I've always wondered if there were any co-op breweries in Canada ever since Brewtinerie is only now a dream idea. Sure enough, there is a co-op brewery out of Saint-Tite, Quebec called À la fut Coop de Travail St-Tite. I love the idea of a co-op brewery, ability to own a share in a brewery without mortgaging the house is an awesome idea.

I'm not aware if I've ever tried any of À la fut's beers before. I picked up a can of La Crique (J'assume pronounced just like kriek). It was recommended by the staff over at Dépanneur Peluso so I have to check it out.

Appearance: La Crique pours a bright cherry red, reminiscent to cherry or cranberry juice. Quite carbonated. A thick amount of light pink head on top glistens on the beer and quickly goes down. Sort of reminds me of those fake fruity malt beverages.

Aroma: Fairly light, surprising. My nose notices a bit of the typical Belgian yeast breadiness, followed by a hint of cherry juice - just a hint. A light Belgian wheat ale for the most part. Quite reminiscent to Unibroue's Éphémère line of ales.

Taste: Sweeter than the aroma led me to expect. It has a bit of a tart bite to it that reminds me of a kriek, but this is more of a sweet cherry beer than tart. Some added sugar to give it a bit more sweetness, a bit of a cranberry pie taste to it. Hint of bready notes from the Belgian yeast. Not a bad ale at all but needs a bit more punch.

Overall Thoughts: This beer is brewed with organic morello (sour) cherries. This is a nice patio beer but I feel that it should be a bit more tart. The cherries are there, but it seems like it's more bready than cherry-y. Light tartiness to give it a bit of bite that lingers for a few minutes on the palate. 4.2% ABV and 11 IBU. I'm almost done the beer already because it's very easy to drink on a warm spring afternoon like today!

Wednesday, 29 April 2015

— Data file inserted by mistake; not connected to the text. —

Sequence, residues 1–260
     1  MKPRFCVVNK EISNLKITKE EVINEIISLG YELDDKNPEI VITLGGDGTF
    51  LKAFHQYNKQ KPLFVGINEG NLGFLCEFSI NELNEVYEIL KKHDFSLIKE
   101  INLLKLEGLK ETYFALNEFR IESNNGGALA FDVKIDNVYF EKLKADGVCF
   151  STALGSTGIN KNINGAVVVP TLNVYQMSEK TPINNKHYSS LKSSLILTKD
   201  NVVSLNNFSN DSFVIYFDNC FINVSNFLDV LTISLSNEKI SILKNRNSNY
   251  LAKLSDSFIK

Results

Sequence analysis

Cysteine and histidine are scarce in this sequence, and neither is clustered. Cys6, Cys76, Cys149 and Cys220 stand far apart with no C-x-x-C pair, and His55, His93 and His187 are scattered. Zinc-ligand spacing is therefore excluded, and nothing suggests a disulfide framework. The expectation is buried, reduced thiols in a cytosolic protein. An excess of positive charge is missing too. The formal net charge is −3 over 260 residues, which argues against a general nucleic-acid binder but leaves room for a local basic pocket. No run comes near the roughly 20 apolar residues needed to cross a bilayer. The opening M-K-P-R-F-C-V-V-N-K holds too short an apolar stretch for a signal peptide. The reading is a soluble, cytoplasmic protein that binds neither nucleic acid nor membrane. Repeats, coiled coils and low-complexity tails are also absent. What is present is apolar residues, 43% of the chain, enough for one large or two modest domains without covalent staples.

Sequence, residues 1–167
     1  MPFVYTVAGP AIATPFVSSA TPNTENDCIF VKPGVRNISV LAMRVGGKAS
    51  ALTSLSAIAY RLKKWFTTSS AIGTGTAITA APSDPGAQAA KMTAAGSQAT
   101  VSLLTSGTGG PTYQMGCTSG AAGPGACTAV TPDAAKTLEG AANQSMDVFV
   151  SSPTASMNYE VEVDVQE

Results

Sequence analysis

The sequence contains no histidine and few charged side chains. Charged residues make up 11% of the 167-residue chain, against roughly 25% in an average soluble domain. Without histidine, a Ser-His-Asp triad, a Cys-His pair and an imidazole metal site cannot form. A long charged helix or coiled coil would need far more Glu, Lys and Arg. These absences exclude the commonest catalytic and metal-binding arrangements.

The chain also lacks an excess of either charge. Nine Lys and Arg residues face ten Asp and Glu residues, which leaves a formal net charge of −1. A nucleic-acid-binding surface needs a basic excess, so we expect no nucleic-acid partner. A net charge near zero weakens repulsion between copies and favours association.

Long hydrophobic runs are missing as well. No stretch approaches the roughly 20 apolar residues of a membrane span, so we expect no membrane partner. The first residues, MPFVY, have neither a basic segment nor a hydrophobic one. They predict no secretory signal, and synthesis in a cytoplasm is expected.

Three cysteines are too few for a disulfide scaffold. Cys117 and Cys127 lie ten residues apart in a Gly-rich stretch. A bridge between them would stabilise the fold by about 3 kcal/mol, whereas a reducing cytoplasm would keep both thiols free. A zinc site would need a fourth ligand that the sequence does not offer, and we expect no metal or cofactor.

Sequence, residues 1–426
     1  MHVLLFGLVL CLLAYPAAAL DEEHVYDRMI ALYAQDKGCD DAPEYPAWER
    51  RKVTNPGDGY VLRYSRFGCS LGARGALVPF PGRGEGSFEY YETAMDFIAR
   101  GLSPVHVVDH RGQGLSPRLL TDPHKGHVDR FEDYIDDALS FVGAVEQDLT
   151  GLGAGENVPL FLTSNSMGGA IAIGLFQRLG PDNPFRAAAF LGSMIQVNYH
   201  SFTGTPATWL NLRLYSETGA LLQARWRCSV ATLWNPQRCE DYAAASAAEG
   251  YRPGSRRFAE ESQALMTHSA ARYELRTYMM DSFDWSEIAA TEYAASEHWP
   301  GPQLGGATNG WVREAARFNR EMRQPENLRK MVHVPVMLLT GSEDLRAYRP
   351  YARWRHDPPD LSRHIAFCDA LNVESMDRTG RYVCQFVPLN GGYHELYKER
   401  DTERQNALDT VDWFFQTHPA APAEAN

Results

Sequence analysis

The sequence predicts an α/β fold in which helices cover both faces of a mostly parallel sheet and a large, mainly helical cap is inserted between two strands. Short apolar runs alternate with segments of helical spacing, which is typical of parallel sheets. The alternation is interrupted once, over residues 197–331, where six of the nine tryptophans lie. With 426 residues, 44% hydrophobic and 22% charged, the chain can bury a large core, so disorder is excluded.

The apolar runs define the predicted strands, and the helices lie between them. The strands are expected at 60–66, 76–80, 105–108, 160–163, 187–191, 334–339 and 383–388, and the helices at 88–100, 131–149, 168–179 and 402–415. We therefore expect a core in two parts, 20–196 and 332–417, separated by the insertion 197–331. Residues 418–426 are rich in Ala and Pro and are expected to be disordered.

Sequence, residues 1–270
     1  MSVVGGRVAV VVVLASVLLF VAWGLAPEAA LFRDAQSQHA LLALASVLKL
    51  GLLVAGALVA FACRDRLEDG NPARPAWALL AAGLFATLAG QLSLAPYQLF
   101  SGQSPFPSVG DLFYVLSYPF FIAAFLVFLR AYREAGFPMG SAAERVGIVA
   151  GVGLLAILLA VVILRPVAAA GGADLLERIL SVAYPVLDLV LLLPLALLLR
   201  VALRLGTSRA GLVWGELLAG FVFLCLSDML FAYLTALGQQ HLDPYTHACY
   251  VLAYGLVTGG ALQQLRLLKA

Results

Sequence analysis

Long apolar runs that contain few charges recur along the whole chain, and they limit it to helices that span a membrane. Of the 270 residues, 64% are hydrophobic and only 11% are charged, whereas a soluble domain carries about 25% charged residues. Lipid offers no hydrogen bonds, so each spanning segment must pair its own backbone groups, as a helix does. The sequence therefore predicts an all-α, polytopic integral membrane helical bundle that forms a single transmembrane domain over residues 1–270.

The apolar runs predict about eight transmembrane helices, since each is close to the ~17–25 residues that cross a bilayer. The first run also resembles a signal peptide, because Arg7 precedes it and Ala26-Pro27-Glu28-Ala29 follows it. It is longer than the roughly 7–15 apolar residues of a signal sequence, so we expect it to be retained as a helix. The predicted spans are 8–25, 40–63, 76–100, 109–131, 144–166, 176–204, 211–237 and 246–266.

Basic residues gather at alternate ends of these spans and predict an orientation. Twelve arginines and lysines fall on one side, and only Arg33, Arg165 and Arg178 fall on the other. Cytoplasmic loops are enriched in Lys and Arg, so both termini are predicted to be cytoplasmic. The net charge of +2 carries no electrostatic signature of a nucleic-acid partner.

Review: Archibald Microbrasserie's La Valkyrie Bock

Two years back when I made my first visit to Quebec City since I lived there, I noticed Archibald beers available just about everywhere - even in mall food courts. What popped out at me was that they were fairly affordable - $5 at a Chez Ashton and the artwork was pretty damned simple yet nice.

For the most part, their beers were pretty meh to average. Nothing to write home about, but affordable and better than settling on Bud or Bleue.

While at Dépanneur Peluso, I picked up a random assortment of beers of all different styles, including Archibald's La Valkyrie Bock. I like a good caramelly bock and it was only a few bucks, so why not?

Appearance: La Valkyrie pours a clear, glistening caramel red, with a bit of a hue of honey. Incredibly fizzy & carbonated. 1.5 fingers of foam - creamy, fluffy beigey foam.

Aroma: Notes of lightly roasted malt to give it a hint of nuttiness backed with a caramel sweetness. A hint of dark fruit such as prunes or raisins in the background. Fairly light in aroma.

Taste: First thing first - creamy mouthfeel, very creamy which surprised me.. and I like that. Notes of raisins and caramel pop out, much more noticeable than the aroma.. thank goodness. Lots of raisiny goodness for a bock. A light amount of nutty flavour comes out near the end.

Overall Thoughts: A very easy to drink bock. The aroma could be better but the taste is pretty damned decent for a bock.. it's not as light as I expected, it's nice, sweet, creamy and lots of caramel punch to it. Gives me hope that not all Archibald beers are simply "meh."ères/bières/item/la-valkyrie.html